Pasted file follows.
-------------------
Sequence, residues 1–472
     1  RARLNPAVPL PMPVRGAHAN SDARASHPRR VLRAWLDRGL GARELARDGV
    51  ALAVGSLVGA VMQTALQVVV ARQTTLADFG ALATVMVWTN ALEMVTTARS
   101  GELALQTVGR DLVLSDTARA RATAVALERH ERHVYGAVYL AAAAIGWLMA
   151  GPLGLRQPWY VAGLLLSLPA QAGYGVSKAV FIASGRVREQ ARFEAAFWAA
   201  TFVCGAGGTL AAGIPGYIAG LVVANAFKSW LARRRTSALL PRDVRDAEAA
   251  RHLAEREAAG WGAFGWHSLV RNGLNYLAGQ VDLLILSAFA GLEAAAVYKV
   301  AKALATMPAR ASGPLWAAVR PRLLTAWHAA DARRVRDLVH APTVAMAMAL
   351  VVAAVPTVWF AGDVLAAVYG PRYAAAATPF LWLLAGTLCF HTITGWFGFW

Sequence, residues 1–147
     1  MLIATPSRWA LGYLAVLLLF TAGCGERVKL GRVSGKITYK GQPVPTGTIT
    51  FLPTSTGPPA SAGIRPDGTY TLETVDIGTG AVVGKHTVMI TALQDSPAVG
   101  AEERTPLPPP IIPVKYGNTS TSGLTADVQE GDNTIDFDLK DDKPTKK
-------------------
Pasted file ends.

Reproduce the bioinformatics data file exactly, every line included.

Sequence, residues 1–472
     1  RARLNPAVPL PMPVRGAHAN SDARASHPRR VLRAWLDRGL GARELARDGV
    51  ALAVGSLVGA VMQTALQVVV ARQTTLADFG ALATVMVWTN ALEMVTTARS
   101  GELALQTVGR DLVLSDTARA RATAVALERH ERHVYGAVYL AAAAIGWLMA
   151  GPLGLRQPWY VAGLLLSLPA QAGYGVSKAV FIASGRVREQ ARFEAAFWAA
   201  TFVCGAGGTL AAGIPGYIAG LVVANAFKSW LARRRTSALL PRDVRDAEAA
   251  RHLAEREAAG WGAFGWHSLV RNGLNYLAGQ VDLLILSAFA GLEAAAVYKV
   301  AKALATMPAR ASGPLWAAVR PRLLTAWHAA DARRVRDLVH APTVAMAMAL
   351  VVAAVPTVWF AGDVLAAVYG PRYAAAATPF LWLLAGTLCF HTITGWFGFW

Sequence, residues 1–147
     1  MLIATPSRWA LGYLAVLLLF TAGCGERVKL GRVSGKITYK GQPVPTGTIT
    51  FLPTSTGPPA SAGIRPDGTY TLETVDIGTG AVVGKHTVMI TALQDSPAVG
   101  AEERTPLPPP IIPVKYGNTS TSGLTADVQE GDNTIDFDLK DDKPTKK